Clays (& Kaolin) Diatomite Feldspar Hafnium Limestone Perlite Sawn Softwood Silica sand Tellurium

Bentonite Gypsum Potash Pulpwood Selenium Talc

Aluminium Copper Rhenium Silver Zinc

Barytes Bauxite Iron Nickel

Gold Manganese Molybdenum Natural Rubber Scandium Tantalum Tin Titanium Vanadium

EU Supply

>20%

99% ≈20% at Kennecott, USA Hafnium Zircon 100% Low 95% ≈45% at Teck Trail, Canada Primary 30% Silver Copper 23% >99% ≈25% at KGHM, Poland Gold 12% Tantalum Tin 20% N/A ≈10% in DR Congo Copper 90% 30%-40% ≈0.2% at Boliden, Sweden Tellurium Lead 10% ≈2% at Port Pirie, Australia Steel slags 75% Vanadium Primary 25% Source: ILZSG (2012), Study of the By-Products of Copper, Nickel, Lead and Zinc; additional references & Oakdene Hollins analysis

Revenues of by-product relative to the main product An analysis of the revenue mix of base metal refineries gives a picture of the relative economic incentives for recovering specific by-product metals. This type of analysis will be specific to a given refinery, and will vary according to the particular ore or feedstock processed. It will also depend upon current metals prices, which will fluctuate considerably year-to-year. These fluctuations will in turn influence technical decisions relating to recovery trade-offs and efficiencies, and therefore year-to-year production.

64

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In terms of data availability, metals price data is relatively widely accessible for all the base metals, and the majority of by-product metals. Operational data for annual metals production at specific refineries is often published within company annual reports, although the level of detail may vary considerably between the companies concerned. For the sake of brevity and commercial sensitivity, production figures for the entire product mix may not be published (including the by-products), although estimates may be available from other sources.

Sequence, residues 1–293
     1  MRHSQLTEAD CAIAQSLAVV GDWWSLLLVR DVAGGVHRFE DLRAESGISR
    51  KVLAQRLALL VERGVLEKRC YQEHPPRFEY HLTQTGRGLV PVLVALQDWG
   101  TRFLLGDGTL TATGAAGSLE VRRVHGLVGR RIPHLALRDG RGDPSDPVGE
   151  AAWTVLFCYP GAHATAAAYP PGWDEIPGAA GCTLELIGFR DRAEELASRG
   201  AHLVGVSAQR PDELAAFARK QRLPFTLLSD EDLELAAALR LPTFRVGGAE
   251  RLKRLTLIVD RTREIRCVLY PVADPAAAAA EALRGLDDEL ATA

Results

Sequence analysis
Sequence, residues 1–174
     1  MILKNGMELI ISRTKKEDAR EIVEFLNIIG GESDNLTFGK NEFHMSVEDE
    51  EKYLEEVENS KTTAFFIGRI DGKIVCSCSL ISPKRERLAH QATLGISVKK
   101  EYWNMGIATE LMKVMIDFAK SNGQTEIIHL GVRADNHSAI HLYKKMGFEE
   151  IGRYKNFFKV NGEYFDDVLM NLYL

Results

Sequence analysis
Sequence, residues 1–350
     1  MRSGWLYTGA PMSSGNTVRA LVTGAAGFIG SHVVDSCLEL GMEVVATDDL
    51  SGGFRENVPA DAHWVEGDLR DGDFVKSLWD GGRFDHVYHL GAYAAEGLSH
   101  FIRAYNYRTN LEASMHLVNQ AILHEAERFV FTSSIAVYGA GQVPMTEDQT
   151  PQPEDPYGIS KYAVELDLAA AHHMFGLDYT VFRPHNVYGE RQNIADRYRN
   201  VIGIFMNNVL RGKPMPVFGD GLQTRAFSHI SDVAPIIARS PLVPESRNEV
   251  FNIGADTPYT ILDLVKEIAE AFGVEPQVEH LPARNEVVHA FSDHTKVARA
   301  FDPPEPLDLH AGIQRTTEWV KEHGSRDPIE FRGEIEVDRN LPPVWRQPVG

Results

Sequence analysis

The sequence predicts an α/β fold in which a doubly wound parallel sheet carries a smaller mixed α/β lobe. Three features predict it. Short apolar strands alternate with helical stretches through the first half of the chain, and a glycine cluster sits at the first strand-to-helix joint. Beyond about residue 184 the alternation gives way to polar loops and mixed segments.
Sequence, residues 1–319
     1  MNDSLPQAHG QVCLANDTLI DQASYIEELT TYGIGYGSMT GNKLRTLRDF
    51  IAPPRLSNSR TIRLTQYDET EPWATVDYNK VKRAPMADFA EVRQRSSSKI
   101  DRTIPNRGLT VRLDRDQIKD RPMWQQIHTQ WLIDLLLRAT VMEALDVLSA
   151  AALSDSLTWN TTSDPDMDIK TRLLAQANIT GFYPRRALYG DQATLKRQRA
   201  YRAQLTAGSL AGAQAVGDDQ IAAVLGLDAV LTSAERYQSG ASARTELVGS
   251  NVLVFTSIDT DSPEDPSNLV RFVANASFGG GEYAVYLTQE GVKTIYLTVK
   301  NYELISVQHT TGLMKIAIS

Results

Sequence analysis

Case Study: Does by-product status raise or lower supply risk? The research conducted has highlighted examples where by-product status may both raise and lower the supply risk of specific raw materials. Case studies are provided here for a number of the byproduct metals to illustrate these points: Gallium: Quicker responses to price rises Gallium has been a very dynamic market in the last few years. Its supply has experienced a stepchange, with world primary production trebling in just two years between 2009 and 2011. This very fast-paced ramp-up in world capacity has been driven by forecasts for strong increases in demand, driven by the uptake of LED lighting technologies. Gallium is recoverable from most bauxite ores. With the installation cost of a recovery circuit at approximately €20m it is a relatively short-term investment decisions, meaning that supply can respond to rising demand and prices within just a couple of years, rather than the 5-10 years needed to develop a greenfield mine. And with a market size of 80 tonnes back in 2009, the addition of just a few more refiners can have a large impact on total world supply. Indium: Adds complexity to refining The major source of world’s indium is as a by-product of zinc refining. However, significant indium content is limited to only around 40% of the world’s zinc concentrates. Therefore, in order to recover indium, zinc refiners must implement a strategic decision to procure right zinc concentrates, so that the average indium content justifies its recovery. Much of these indium containing-zinc concentrates originate from Peru and Bolivia (with relatively high political risk). These concentrates often contain higher levels of contaminants such as arsenic and cadmium, which can mean that they are more difficult to process. Traditional zinc refineries are often reluctant to engage in a small and volatile market, where additional complexity is added to the process, even if attractive investment returns are possible. Cobalt: Steady base load in supply For cobalt, world supply is diversified between that refined in the nickel and copper industries, and that originating from primary cobalt operations. The fact that cobalt is a valuable by-product from both nickel and copper means that is routinely recovered, providing a steady-base load of supply. The project pipeline for cobalt projects indicates that 90,000 tonnes of additional mine production may become available by between 2010 and 2015, as result of numerous new mines and planned expansions. This is driven by the sustained demand and high prices witnessed for nickel and copper and could push the market into oversupply. The by-product refiners will be to some extent insulated from falling prices, with the primary cobalt producers likely to be much more exposed. References: See EC JRC IET (2011), Critical Metals in Strategic Energy Technologies; ILZSG (2012), Study of the By-Products of Copper, Nickel, Lead and Zinc; & USGS Commodity Summaries and Yearbooks